11. I don’t understand her reason for being ashamed! A lot of us came from the “ghetto” …from sort of poverty but we came up and became successful and now living good! She should be proud of the woman she is today! You should never forget your past. Matter of fact she should go back to where she grew up and help those that want help. She’s a sad case…smh!

  12. I can totally see her reason for being ashamed. Her parents failed her. Her mother is weird for choosing to be homeless when she doesn't have to be. The whole situation is embarrassing for her. I'd hide my past too if they were part of it. I can't believe people are actually asking why is she embarrassed and why she hid it! It's obvious to me.

  13. Well she should get them a place to live then. I think her mother just doesn't want to live with her sister. I don't believe they refused her help. That's why she feels guilty

  14. I just don't understand why she would be embarrassed? She is living the American dream because she made a brave decision and worked hard and made a nice life for herself! She should be proud! She didn't make those decisions for her parents… And once she was old enough she made her own way.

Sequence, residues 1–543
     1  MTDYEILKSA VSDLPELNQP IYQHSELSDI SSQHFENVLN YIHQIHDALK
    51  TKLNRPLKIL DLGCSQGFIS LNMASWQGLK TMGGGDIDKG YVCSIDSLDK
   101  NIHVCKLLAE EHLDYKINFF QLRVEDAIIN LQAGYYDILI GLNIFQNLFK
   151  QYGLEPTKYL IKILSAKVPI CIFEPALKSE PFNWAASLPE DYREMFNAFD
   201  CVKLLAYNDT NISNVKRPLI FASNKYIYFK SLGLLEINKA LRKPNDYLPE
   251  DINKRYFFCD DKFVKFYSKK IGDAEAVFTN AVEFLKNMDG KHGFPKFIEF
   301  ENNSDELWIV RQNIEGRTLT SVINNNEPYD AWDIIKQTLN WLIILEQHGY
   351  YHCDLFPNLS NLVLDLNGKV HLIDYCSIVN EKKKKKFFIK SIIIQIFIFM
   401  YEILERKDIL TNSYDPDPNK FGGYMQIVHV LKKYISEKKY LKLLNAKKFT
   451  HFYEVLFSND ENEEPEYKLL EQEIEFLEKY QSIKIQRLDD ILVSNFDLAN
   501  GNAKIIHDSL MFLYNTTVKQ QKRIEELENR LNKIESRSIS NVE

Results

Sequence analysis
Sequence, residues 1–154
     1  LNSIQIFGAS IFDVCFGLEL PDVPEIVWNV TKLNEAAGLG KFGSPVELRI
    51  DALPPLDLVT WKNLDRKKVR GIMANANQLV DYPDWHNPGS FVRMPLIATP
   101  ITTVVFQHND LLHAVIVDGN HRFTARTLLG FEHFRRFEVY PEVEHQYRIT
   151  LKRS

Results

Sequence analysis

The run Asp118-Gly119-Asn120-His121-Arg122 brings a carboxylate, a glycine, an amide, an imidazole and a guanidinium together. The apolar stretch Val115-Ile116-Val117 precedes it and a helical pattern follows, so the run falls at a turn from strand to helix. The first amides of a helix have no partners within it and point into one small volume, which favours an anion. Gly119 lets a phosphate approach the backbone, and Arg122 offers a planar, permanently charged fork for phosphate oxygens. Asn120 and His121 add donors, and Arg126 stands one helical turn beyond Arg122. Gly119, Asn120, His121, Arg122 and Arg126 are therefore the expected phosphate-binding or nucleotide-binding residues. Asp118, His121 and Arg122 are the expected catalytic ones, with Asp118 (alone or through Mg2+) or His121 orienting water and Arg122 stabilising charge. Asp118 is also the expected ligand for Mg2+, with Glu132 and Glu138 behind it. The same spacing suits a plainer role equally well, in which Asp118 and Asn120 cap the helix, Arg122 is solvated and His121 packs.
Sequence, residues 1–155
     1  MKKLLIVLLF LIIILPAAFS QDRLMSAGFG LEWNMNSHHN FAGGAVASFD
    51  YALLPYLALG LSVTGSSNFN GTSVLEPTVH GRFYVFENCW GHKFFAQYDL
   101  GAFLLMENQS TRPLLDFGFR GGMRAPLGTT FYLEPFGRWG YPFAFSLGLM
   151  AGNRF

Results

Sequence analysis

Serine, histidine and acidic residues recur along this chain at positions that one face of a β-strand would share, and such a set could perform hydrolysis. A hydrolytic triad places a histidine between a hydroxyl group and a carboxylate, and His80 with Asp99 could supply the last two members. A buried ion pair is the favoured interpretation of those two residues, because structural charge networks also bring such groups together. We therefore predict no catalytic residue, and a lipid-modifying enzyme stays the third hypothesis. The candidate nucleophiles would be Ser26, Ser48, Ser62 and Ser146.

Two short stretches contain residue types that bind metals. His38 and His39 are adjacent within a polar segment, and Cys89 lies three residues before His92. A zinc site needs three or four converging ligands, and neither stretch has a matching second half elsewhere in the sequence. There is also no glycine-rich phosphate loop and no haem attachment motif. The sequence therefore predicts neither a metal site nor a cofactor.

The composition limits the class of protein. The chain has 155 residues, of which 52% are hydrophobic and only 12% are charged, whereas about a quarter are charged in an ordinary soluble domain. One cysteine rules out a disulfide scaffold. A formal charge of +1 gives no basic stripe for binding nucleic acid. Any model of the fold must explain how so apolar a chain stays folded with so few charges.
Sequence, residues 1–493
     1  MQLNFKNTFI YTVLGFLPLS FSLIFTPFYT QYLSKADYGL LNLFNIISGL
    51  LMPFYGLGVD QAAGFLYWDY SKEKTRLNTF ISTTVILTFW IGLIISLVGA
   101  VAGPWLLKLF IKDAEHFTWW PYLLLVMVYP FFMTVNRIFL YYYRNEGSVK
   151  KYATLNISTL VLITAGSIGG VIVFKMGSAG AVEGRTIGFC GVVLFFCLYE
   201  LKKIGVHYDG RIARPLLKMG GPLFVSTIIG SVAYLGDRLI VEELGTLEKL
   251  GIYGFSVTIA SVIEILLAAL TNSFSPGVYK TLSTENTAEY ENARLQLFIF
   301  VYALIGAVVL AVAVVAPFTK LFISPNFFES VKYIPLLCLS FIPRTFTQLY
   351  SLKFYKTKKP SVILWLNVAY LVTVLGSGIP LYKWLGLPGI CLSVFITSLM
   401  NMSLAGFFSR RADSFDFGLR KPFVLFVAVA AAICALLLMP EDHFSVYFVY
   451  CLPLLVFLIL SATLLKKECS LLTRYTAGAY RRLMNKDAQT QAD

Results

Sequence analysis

15. how was she living a lie? she left poverty made something of herself and was a success…. i thought this was gonna be a case of an imposter or somethjng actually fraudulent

  16. This is so superficial. People love a good glow up story. Most of us don’t come from money. Hell most of Hollywood is new money. She was valuing the wrong thing it seems.

  17. I dont like her. I like the fact that she managed to raise herself up from poverty and make it big but i reallu hate her attitude. Whatever het parents did, or didnt do in this case, i cannot fathom how she just hide while her mother, the woman who gave birth to her was without food and digging in the garbage. Why be ashamed of where you came from, and why couldnt she with all the money she has take care of her parents, give them a hot meal and try to get close to them. Some people dont have their parents anymore of never knew them, she should think of that instead of Park avenue.